First look — IAN CURTIS biopic, CONTROL

The directorial debut of photographer Anton Corbijn, who moved to the UK from Holland to shoot Joy Division in 1979, is a moving tribute to Ian Curtis, but suffers from Corbijn’s proximity to the material.

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The directorial debut of photographer Anton Corbijn, who moved to the UK from Holland to shoot Joy Division in 1979, is a moving tribute to Ian Curtis, but suffers from Corbijn’s proximity to the material.

The problems of rock biopics are pretty similar, all told. Limited in terms of the audience they’ll attract – in most cases, it’s going to be the fans – they have a tendency to truncate facts or omit key incidents for narrative expediency.


A personal peeve is the clumsy way characters are often introduced, or the shorthand used to move the story on. I remember wincing when Ahmet Erteghun was introduced in Walk The Line with, one character effectively rattling off his CV by way of explaining who he was. Or, in The Doors, when Ray Manzerak comes up with the organ intro to “Light My Fire”.

In the latter instance, I guess it’s hard to convey the act of creation, the alchemical moment when a song or a riff is conjured from the air. But, in purely cinematic terms, it’s pretty cheesy, all the same.

Corbijn’s biopic of Ian Curtis, based on his widow Deborah’s book, Touching From A Distance, suffers pretty much from all the above faults.


There’s no satisfying attempt, for instance, to explain the connection – either musically or even socially – between Curtis and the other members of Joy Division – who, it has to be said, are pretty thinly drawn.

What’s the spark that made these four men create all this wonderful music? What’s their shared vision, or their unified sense of purpose? The subject of the film may be Ian Curtis, but you can’t just ignore the crucial elements of his life – the music, which, really, is why most people are going to have any interest in seeing Control.

It’s also pretty hard to care about Curtis. I think Corbijn does is try and portray him honestly. There’s none of the mythologizing here you saw with, say, Morrison in The Doors. But he comes over as a rather glum, introverted adulterer, despite the allowance you have to make for his debilitating epileptic condition. He mopes and broods and generally treats his wife pretty badly. He is a Troubled Soul, sure, but not a particularly nice bloke.

His affair with Belgian girl Annik suggests she was the free spirit who could offer Curtis a way out of the increasingly claustrophobic life he was trapped in. His failing marriage to Deborah, the pressures put on him by the band’s increasing success, his epilepsy. It at least goes some way to explaining his infidelity, and also serves to underline the eventual tragedy of his suicide.

Sam Riley, though, does bring real emotional intensity to his performance. Looking slightly more like Pete Doherty (or even Joy Division’s drummer Stephen Morris), he’s phenomenal in the agonising final ten minutes – just Curtis in his house, on his own – in the lead up to his suicide. It’s not pretty to watch, but Riley goes the distance and Corbijn elicits a fantastic, compelling performance.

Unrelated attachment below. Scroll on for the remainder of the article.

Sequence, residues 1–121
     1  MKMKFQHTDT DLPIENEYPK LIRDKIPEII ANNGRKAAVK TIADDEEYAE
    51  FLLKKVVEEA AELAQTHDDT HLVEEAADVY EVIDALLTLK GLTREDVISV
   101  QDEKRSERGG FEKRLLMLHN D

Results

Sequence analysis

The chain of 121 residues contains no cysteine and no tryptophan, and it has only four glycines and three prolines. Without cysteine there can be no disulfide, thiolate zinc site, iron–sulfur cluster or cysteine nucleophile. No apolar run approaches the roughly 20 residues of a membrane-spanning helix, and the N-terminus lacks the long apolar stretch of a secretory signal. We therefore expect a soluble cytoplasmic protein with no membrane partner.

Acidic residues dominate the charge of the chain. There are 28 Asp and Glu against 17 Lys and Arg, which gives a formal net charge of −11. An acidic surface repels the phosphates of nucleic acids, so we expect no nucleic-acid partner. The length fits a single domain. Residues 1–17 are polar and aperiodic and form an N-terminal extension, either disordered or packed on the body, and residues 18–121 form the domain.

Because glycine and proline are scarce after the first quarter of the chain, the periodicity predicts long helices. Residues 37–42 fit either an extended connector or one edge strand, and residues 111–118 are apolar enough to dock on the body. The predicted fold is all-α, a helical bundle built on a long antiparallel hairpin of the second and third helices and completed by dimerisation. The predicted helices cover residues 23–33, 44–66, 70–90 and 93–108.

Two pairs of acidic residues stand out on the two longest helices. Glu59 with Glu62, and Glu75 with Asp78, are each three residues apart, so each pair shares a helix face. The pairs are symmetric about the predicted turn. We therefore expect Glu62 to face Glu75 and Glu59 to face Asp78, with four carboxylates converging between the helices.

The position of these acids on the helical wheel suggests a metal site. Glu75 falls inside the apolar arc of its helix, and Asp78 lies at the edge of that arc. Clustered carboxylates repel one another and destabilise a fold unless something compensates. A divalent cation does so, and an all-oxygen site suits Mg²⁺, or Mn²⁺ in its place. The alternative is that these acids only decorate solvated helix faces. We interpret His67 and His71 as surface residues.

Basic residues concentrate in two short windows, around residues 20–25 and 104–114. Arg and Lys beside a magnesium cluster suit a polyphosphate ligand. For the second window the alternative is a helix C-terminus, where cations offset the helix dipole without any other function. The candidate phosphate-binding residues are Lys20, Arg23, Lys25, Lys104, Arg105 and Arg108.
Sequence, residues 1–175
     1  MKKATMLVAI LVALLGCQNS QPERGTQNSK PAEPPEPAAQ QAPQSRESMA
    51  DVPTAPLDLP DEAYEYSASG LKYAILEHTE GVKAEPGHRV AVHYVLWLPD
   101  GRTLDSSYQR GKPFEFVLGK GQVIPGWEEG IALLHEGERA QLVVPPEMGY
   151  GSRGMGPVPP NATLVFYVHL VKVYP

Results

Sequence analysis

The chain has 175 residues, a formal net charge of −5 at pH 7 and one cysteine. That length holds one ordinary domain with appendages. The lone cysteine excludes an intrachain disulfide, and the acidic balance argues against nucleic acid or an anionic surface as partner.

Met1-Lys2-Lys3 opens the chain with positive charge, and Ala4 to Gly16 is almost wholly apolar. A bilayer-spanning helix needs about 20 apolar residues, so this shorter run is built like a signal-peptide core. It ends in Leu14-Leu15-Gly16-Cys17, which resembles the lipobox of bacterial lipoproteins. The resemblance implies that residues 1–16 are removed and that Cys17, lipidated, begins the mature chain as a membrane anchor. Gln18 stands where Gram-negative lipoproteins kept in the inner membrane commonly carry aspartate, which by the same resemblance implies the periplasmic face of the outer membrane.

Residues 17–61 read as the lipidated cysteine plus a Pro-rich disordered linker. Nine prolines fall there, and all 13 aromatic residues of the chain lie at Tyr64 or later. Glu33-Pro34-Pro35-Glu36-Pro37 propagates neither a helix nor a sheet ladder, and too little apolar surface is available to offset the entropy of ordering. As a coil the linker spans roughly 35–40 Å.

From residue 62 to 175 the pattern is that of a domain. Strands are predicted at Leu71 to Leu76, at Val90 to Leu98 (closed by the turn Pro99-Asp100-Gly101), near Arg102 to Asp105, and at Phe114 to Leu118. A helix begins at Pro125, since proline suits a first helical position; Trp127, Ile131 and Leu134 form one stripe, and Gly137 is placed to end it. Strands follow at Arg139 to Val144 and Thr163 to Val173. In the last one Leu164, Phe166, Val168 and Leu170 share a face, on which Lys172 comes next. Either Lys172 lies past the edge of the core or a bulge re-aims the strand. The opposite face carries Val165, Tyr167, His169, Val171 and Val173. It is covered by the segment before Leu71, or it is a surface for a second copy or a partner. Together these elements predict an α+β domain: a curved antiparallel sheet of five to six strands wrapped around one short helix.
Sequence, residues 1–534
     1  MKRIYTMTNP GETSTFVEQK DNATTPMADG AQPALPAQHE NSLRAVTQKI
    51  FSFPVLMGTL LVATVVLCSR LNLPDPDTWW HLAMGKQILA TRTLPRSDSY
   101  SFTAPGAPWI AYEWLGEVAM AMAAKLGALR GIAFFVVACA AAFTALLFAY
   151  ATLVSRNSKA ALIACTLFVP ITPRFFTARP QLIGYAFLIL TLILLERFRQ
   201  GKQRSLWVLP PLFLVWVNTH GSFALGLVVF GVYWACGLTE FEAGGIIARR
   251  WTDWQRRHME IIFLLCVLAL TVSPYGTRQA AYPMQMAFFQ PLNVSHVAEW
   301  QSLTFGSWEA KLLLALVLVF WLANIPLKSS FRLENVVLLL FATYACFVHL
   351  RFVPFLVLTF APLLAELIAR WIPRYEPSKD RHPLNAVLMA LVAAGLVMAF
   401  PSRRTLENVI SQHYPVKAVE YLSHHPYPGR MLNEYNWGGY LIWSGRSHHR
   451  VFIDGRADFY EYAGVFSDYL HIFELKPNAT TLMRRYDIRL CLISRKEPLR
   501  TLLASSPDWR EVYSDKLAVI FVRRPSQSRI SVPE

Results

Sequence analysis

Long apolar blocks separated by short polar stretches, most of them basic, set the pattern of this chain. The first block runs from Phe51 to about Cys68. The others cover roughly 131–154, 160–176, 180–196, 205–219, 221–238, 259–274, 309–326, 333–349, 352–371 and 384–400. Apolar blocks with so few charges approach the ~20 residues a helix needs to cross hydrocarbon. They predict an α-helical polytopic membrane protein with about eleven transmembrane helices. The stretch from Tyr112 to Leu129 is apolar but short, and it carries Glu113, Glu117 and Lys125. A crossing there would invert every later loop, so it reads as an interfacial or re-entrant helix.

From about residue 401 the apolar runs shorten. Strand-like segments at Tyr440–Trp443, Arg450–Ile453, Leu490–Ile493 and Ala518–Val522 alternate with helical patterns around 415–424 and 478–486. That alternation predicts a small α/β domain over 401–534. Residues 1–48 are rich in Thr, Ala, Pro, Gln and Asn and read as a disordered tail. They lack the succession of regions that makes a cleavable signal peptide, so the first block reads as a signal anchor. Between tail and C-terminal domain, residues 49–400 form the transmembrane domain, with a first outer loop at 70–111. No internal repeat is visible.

In terms of the crime of cinematic shorthand, there’s a couple of major offences. First up, after he learns that a fellow epileptic has died during a fit, Corbijn cuts to Curtis writing “She’s Lost Control”. When he tells Deborah he doesn’t love her anymore, we get “Love Will Tear Us Apart” kicking in over the soundtrack. And, finally, when Curtis is in the studio recording the vocals to “Isolation”, everyone else has their back to him.

Watching it, I was inevitably reminded of Michael Winterbottom’s 24 Hour Party People. I know that film took a lot of liberties with the facts, but I felt it at least captured the slightly bonkers, held-together-with-gaffer-tape spirit of Factory and the people involved with it.

Apart from Toby Kebbell as manager Rob Gretton, who does a fine line in one-liners and put downs, no one else stands out. Even Craig Parkinson’s Tony Wilson – one of the music industry’s most larger-than-life characters – isn’t given full rein. And it’s hard to shake the memory of Paddy Considine and Steve Coogan, who were so charismatic as Gretton and Wilson in the Winterbottom film.

Samantha Morton does well as Deborah, conveying a sense of the wife trying to hold everything together and gradually beaten down by Curtis’ illness. But for once of her generation’s best actresses, she’s not best deployed here. You don’t really get a sense of who she was, or even what the connection was, at least initially, between her and Curtis.

The film looks fantastic, of course. It resembles Corbijn’s pictures: grainy, sepulchral black and white, each shot as iconic as the last.

But I think Corbijn is just too close to the material to have enough distance to tell the story in a way that’s going to have a more general appeal.

Of course, I realise that I’m not exactly singing Control’s praises. The reception was fairly mixed at the screening I attended. But I know that Jonathan Romney, who’ll be reviewing the film in a future issue of UNCUT, had a very different opinion to me. I’ll certainly be keen to read what his take is.

Meanwhile, I’d very much like to know what your views are. Are you excited about seeing Control? And what are your views on rock biopics in general? Let me know your favourites – and the ones you think should never have been greenlit.


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